In our last post, we explored the classification and pathophysiology of frostnip and frostbite.  Now we will look into frostbite prevention and management.

Frostbite management is a continuously evolving science.  However, the absolute best way to manage frostbite is to not get it in the first place.   The basic tenets of prevention are reducing heat loss and maintaining perfusion.  There are some simple steps one can take to prevent frostbite in themselves or a patient:

  • Ensure adequate hydration and nutrition
  • Cease medications and drugs that decrease perfusion
  • Avoid alcohol (increases heat loss by peripheral vasodilation and impairs decision-making and protective reflexes)
  • Avoid smoking cigarettes (impairs microcirculation)
  • Protect yourself from the cold (avoid ambient temperatures less than -15°C, minimize cold exposure, cover up, wear appropriate insulation, avoid sweating or moisture to reduce heat loss)
  • Remove constrictive clothing and footwear to ensure adequate blood flow
  • Keep moving! Exercise will elevate both core and peripheral temperatures by increasing blood flow
  • Recognize the symptoms of frostnip or early frostbite and rewarm
  • If hypoxic, use supplemental oxygen when available to improve tissue oxygenation

 

If you or a patient is unfortunate enough to get frostbite, here is what you can do in the field:

  • Manage ABC’s and hypothermia! Dead patients don’t need their limbs rewarmed so be sure to address critical system problems first.
  • Remove jewelry and constrictive or wet clothing. Remove boots to assess, but anticipate that they may be impossible to get them back on if swelling occurs, which may kibosh your evacuation plan.  Put boots back on if required for evacuation.
  • Ibuprofen both improves healing and helps with pain control. Opiate pain control may also be required.
  • If there is a fracture, attempt to align the limb and splint it carefully, ensuring adequate distal perfusion
  • Decide if you are going to rewarm in the field or evacuate to definitive medical care. This can be a challenging decision and will be unique to each situation.  Generally, if transport to definitive care is less than a couple of hours, do not attempt field rewarming because of the potentially catastrophic results of improper rewarming or refreezing.
  • Avoid using the affected limb to minimize further trauma. If it must be used, limit mobility by padding and splinting.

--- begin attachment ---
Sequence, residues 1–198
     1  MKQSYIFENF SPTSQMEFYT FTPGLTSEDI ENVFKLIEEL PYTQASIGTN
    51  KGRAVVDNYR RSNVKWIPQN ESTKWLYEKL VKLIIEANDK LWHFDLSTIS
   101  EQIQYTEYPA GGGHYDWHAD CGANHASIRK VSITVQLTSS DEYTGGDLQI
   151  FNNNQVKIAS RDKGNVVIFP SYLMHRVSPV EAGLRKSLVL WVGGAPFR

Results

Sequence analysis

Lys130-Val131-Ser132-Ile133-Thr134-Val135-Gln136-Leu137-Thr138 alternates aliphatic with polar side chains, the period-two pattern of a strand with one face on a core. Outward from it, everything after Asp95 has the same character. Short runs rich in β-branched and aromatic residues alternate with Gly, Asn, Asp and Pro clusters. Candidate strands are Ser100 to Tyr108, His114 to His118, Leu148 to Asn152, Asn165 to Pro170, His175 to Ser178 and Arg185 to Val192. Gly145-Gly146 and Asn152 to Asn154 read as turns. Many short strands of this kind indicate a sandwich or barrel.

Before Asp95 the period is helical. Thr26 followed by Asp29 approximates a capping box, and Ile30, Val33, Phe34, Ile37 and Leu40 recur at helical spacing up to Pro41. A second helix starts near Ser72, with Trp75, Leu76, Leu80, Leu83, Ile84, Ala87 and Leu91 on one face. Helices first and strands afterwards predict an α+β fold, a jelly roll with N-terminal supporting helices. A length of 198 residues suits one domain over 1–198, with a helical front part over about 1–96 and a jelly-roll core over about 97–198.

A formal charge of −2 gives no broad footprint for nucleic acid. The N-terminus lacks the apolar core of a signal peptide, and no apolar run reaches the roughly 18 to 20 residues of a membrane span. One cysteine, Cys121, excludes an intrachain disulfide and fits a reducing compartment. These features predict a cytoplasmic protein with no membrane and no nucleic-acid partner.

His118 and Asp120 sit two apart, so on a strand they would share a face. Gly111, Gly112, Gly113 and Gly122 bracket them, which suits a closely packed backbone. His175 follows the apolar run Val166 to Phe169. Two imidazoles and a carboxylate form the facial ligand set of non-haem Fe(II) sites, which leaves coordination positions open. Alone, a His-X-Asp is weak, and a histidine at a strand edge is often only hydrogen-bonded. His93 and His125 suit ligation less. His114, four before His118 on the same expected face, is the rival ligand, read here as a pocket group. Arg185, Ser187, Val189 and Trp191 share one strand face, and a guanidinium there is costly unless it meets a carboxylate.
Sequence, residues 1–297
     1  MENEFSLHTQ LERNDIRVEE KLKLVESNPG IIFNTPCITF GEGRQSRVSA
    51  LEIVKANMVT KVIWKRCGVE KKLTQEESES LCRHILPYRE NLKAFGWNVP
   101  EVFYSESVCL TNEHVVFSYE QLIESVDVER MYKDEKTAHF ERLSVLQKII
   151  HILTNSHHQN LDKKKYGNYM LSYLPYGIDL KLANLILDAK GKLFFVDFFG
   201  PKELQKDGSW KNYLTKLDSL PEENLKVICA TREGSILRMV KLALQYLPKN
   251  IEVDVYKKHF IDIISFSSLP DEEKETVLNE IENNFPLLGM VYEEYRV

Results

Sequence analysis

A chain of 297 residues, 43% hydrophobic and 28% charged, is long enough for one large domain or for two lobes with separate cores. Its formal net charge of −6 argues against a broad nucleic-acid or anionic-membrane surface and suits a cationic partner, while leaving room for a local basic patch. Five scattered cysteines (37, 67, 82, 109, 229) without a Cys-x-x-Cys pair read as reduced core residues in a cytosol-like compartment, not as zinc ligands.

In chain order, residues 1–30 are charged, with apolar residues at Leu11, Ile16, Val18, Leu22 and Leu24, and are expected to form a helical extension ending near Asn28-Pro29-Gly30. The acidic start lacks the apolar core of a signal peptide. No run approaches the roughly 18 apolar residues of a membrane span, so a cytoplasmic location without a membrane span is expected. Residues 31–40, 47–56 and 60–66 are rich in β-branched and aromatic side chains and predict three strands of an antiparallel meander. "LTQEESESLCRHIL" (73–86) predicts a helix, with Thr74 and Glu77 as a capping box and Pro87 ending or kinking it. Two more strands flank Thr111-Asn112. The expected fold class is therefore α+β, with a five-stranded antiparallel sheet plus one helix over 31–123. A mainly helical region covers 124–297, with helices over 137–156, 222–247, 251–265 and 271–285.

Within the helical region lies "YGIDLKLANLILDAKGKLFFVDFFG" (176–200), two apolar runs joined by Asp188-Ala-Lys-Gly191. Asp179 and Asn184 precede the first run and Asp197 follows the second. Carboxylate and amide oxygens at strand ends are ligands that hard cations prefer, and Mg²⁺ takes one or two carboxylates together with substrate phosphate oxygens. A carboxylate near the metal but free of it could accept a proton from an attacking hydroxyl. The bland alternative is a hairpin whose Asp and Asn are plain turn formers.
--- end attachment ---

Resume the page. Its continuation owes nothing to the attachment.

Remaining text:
• The best method to rewarm is a circulating warm water bath (37-39°C). Adding an antiseptic to this bath is reasonable to reduce the risk of infection.
  • Once thawed, clear blisters can be aspirated. Hemorrhagic blisters should be left alone.
  • Use dry, loose, bulky dressings. Topical aloe vera may improve outcomes.
  • Elevate extremity to reduce edema
  • Provide oxygen if hypoxic or at high altitude
  • Evacuate to definitive medical care

 

Providers do have the potential to make frostbite worse.  Here are some things you should not do when caring for a patient with frostbite:

  • Do not rub the affected area.
  • Do not prevent the area from spontaneously rewarming (don’t keep it cold on purpose). Spontaneous rewarming will happen naturally as you keep the patient warm and hydrated and it is an acceptable option if rapid rewarming is not available.
  • Do not allow refreezing
  • Do not expose to direct heat as this will cause further tissue damage

 

I will not detail hospital management in this post but I encourage you to look into current research on the topic.  Immediate hospital management will depend on local practices but may include low molecular weight dextran, antiplatelet agents, thrombolytics (tPA), vasodilators (nitroglycerin, reserpine, iloprost – not available in United States, etc.), hyperbaric oxygen therapy, and tetanus prophylaxis.

 

Frostbite has a high morbidity and good decision-making and treatment plans are vital to optimize outcomes.  Research into hospital treatments is ongoing but what you do in the pre-hospital environment is likely the most important.

 

Alana Hawley, M.D.
Wilderness Medicine Fellowship, University of Utah
PGY-5 Emergency Medicine, McMaster University

______________
How to learn more:

Medical professionals earn Wilderness Medicine CME credit from our hands-on courses offered world wide.  Browse the course locations and schedule.

Anyone can take our Wilderness medicine courses online. Choose from topics like Zika, Ticks, Submersion Injuries and more.

 

______________

Author:  Alana Hawley, M.D.
Wilderness Medicine Fellowship, University of Utah
PGY-5 Emergency Medicine, McMaster University

 

Sources:

Auerbach, P.S. (2011).  Wilderness Medicine. Edinburgh: Mosby.

 

Zafren, K. and Giesbrecht, G.  (2014).  State of Alaska Cold Injuries Guidelines.  Juneau, AK: Department of Health and Social Services Division of Public Health Section of Emergency Programs Emergency Medical Services (EMS) Program.

 

Mcintosh, S. E., Opacic, M., Freer, L., Grissom, C. K., Auerbach, P. S., Rodway, G. W., . . . Hackett, P. H. (2014). Wilderness Medical Society Practice Guidelines for the Prevention and Treatment of Frostbite: 2014 Update. Wilderness & Environmental Medicine, 25(4). doi:10.1016/j.wem.2014.09.001

 

Photo Credit: Milo McDowell via Unsplash